The Daily Word Counts Of 39 Famous Authors

The Daily Word Counts Of 39 Famous Authors

We have compiled a list of the daily word counts of famous authors and what they had to say about writing every day.

What Is A Word Count?

A word count is the number of words in a text. Generally, there are 300 words per typed double-spaced page, using a 12 point font. You can use Word to count how many words you have written in a document.

We need to count words if we are writing for a publication that asks us to stay within a set number of words. We also need to count words when we write a novel. Generally speaking, a novel has 80 000 words.

Must-Read: Word Counts – How Long Should Your Novel Be?

Why Are Word Counts Important?

Daily word counts are one of the first things students ask about on our writing course. While we don’t recommend any particular number, we do think it is a good idea to have one as a daily goal. If you set a goal of 500 or 1 000 words and you keep it every day, you feel as if you have accomplished something.

If you want to be a published writer, you should cultivate a writing routine. Almost every writer I’ve interviewed has one.

Creating a habit of writing – even if what you are writing is not good – is vital. Many authors believe that you should write every day, saying that it helps them write with more confidence and improve the quality of what they write. The more you do it the easier it gets.

Writing every day also helps you to clear your mind. It can be therapeutic if you do it regularly. You will also find that you generate ideas and material for future books in the process. (Keep these bits and pieces in notebooks or files on your computer.)

The only way to become a better writer is by practising. Some writers say that they need to write to find out what they really think about a subject, because writing forces you to think.

If you want to set a goal for daily word counts, use a daily writing prompt to encourage you. [Get a FREE daily writing prompt. Sign up here]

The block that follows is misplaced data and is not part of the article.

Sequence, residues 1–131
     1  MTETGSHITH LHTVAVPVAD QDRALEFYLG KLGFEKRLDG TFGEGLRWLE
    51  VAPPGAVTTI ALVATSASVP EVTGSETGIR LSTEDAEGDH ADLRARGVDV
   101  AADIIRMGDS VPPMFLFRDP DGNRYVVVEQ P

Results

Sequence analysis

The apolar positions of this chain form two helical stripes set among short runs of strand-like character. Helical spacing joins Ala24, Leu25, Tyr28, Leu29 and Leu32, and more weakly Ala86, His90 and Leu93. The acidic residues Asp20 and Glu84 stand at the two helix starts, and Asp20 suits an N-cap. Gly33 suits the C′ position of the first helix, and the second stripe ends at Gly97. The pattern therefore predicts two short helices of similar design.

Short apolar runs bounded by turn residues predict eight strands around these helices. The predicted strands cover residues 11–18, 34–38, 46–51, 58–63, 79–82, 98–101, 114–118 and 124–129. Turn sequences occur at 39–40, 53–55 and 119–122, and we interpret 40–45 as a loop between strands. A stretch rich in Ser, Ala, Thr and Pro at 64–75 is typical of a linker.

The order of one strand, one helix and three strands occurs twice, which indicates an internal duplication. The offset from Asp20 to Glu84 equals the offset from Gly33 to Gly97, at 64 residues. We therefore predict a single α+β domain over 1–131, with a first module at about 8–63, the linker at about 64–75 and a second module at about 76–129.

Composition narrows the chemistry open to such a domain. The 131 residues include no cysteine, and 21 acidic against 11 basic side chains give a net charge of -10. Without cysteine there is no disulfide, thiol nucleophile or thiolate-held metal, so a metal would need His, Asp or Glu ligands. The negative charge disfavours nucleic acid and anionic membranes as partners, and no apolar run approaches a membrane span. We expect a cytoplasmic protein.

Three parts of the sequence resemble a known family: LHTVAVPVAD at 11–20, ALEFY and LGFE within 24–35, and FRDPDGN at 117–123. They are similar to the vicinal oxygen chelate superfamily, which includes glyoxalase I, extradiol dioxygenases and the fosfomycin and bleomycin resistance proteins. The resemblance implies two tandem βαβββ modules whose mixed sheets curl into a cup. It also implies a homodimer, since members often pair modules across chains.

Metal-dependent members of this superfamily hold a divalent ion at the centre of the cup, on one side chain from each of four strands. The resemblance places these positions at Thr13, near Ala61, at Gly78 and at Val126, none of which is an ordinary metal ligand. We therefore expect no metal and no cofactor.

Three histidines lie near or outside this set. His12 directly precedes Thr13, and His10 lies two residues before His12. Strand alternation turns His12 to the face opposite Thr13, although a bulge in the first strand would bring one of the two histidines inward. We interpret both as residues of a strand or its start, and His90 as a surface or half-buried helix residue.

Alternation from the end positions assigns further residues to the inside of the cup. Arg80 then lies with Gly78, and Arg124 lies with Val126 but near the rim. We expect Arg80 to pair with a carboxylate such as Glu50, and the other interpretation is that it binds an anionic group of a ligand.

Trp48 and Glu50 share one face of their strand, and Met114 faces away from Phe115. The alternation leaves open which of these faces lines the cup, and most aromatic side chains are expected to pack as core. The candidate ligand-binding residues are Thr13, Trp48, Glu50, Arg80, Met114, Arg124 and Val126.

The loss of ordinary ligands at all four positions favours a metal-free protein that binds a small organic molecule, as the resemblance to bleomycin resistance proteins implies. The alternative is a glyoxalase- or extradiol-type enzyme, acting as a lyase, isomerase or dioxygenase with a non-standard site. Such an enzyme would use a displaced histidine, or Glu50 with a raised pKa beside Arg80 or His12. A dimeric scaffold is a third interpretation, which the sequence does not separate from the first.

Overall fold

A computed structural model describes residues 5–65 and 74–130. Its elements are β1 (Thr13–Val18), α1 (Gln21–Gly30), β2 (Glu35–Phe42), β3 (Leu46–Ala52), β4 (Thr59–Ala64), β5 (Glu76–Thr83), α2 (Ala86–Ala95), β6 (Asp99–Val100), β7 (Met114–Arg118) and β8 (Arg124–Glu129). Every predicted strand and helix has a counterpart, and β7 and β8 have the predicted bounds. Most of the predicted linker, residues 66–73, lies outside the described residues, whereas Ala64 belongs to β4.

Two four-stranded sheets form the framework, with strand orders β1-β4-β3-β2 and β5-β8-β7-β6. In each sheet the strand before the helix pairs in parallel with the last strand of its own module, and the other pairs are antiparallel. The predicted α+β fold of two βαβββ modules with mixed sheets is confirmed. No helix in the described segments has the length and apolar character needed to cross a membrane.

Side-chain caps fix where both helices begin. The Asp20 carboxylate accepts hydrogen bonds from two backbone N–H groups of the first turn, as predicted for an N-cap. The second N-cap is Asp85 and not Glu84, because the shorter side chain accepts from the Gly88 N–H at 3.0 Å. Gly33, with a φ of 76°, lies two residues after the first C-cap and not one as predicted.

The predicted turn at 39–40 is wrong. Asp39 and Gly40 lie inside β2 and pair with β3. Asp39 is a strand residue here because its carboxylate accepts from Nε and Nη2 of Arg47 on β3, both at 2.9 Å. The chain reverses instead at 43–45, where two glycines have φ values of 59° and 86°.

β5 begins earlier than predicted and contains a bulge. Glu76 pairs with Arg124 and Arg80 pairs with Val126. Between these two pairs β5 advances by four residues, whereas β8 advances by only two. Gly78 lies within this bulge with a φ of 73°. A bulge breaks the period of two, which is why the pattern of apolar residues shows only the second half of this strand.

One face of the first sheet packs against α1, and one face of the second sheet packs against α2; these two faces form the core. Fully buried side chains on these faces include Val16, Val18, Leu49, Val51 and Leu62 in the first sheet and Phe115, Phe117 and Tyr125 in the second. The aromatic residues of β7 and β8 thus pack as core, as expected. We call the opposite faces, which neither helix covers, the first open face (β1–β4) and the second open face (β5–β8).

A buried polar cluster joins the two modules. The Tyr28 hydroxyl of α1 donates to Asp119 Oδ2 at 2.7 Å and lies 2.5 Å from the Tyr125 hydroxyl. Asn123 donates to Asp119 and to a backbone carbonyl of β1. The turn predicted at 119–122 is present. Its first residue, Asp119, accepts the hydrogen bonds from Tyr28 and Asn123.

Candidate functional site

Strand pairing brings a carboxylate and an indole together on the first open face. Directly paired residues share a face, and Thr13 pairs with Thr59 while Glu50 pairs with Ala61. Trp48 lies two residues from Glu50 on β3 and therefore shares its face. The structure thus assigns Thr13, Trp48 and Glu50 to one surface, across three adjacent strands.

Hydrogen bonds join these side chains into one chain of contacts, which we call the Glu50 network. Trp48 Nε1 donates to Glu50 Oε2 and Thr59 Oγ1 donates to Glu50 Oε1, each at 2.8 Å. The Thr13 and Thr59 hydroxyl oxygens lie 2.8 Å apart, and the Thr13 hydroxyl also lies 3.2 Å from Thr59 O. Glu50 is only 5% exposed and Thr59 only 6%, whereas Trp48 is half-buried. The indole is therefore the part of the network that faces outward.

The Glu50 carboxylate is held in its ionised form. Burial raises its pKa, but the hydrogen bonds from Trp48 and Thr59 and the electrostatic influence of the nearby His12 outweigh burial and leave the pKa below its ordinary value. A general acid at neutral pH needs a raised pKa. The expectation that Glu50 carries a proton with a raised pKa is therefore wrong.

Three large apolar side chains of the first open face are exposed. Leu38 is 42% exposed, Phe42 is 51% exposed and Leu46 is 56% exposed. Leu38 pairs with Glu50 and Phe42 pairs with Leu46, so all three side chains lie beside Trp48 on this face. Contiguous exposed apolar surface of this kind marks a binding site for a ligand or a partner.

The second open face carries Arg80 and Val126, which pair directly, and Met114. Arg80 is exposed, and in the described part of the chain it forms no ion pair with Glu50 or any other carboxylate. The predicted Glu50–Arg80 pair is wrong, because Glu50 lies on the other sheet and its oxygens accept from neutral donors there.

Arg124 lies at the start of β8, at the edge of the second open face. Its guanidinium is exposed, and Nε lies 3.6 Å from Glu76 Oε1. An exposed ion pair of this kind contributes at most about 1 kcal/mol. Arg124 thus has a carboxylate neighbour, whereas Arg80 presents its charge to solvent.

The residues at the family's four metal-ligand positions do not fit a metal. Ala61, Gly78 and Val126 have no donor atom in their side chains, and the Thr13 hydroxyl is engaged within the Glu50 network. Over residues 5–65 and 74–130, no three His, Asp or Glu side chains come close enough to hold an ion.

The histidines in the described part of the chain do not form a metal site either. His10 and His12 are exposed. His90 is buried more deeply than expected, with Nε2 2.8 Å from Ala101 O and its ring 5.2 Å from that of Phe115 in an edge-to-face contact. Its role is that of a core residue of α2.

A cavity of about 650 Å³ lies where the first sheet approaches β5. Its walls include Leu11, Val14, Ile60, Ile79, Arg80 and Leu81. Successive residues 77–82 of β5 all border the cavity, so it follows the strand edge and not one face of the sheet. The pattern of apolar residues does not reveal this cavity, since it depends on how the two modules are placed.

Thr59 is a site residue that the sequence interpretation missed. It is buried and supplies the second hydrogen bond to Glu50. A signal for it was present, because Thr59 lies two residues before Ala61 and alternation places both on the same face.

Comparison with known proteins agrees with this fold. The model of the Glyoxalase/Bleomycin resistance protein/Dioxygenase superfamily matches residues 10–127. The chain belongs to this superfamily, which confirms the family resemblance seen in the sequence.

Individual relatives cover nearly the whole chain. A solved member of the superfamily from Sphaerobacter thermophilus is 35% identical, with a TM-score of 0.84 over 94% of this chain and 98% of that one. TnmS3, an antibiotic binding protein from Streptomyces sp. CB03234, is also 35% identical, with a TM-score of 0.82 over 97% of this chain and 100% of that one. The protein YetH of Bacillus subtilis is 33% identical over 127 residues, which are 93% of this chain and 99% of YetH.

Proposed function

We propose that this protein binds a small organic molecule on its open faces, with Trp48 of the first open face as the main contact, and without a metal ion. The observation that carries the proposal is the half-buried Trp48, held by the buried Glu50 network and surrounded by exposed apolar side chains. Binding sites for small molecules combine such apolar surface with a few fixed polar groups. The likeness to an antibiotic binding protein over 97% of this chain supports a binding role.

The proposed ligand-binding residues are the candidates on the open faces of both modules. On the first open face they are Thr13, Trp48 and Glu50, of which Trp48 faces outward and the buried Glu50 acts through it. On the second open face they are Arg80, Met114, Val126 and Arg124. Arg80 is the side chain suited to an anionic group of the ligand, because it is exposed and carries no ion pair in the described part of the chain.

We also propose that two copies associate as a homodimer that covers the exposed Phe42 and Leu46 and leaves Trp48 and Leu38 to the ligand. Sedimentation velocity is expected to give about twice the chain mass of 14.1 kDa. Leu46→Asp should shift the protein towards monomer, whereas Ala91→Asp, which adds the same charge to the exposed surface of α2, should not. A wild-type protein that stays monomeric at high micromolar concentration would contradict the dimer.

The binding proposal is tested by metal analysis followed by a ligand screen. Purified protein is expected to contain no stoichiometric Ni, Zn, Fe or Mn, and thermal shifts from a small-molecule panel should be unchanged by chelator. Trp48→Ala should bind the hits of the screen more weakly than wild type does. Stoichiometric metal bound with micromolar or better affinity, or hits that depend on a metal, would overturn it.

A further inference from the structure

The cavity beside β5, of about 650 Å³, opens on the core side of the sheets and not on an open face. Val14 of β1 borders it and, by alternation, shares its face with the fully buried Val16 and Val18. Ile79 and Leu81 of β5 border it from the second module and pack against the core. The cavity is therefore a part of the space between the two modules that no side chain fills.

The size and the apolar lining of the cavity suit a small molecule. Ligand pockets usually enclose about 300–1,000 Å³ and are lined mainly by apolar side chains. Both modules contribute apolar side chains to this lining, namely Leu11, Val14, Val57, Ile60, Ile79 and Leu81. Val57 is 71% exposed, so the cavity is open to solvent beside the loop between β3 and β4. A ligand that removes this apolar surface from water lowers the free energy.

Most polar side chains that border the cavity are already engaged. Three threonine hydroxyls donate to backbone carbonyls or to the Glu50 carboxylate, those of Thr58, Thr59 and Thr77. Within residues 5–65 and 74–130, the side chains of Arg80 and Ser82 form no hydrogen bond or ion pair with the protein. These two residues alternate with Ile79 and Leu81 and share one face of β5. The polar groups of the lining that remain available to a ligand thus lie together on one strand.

But how many words should you write every day?

Nobody really knows, but here are the daily word counts of 39 famous authors. (Please bear in mind that a double-spaced manuscript page contains approximately 300 words.)

The Daily Word Counts Of 39 Famous Authors

The Daily Word Counts Of 39 Famous Authors

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Do you have a daily word count?

Even if you don’t have a word count yet, prompts are an excellent way to exercise the writing muscle. Get a FREE daily writing prompt. Sign up here

Top Tip: Find out more about our workbooks and online courses in our shop.

by Amanda Patterson

© Amanda Patterson

If you enjoyed this post, read:

  1. 9 Literary Terms You Need To Know
  2. Why First Time Authors Don’t Write The Books They Want To Read
  3. The 5 Criteria For Creating Successful Story Goals
  4. 5 Ways Setting Affects Your Characters
  5. 7 Ways To Create A Spectacular Magic System For Your Novel

Sources: How Many Words a Day?Famous Authors Routines: Rise Early, Work Early, and Count The WordsHow many words did you write today?Daily Word Count Output of My Favourite Writers /Interviews and Birthday Posts by Writers Write

Posted on: 8th May 2015

29 thoughts on “The Daily Word Counts Of 39 Famous Authors”

  1. Probably one of the more valuable and insightful posts. (amongst the myriad of other excellent posts 🙂 ) Highlights the plight of the ‘weekend warrior’.

  2. It is great to have an insight into something like this. I always wondered what was enough – what was the minimum. It does not really matter, as long as you keep on writing … every day.

  3. I am currently writing a book about a personal experience and i make sure to write atleast 1000 words for the day before i can watch tv or do something else. i thought it was too low.

  4. Russell Blake

    I average 5K to 7K per day when on first draft. My production average has run 9+ novels a year for four years straight. I’m with Chricton on his philosophy, as well as Jack London. There’s a word for writers who wait for the muse to dance for them: amateurs.

  5. my word count averages from 12-16,000 a day. Some days I can get up to 20k, some days I get 6k. But that’s an occupational hazard of ghostwriting/freelancing.

  6. Ok…. no matter what reason you have listed how much you write (Russell and Savannah), I am going to write more. For sure!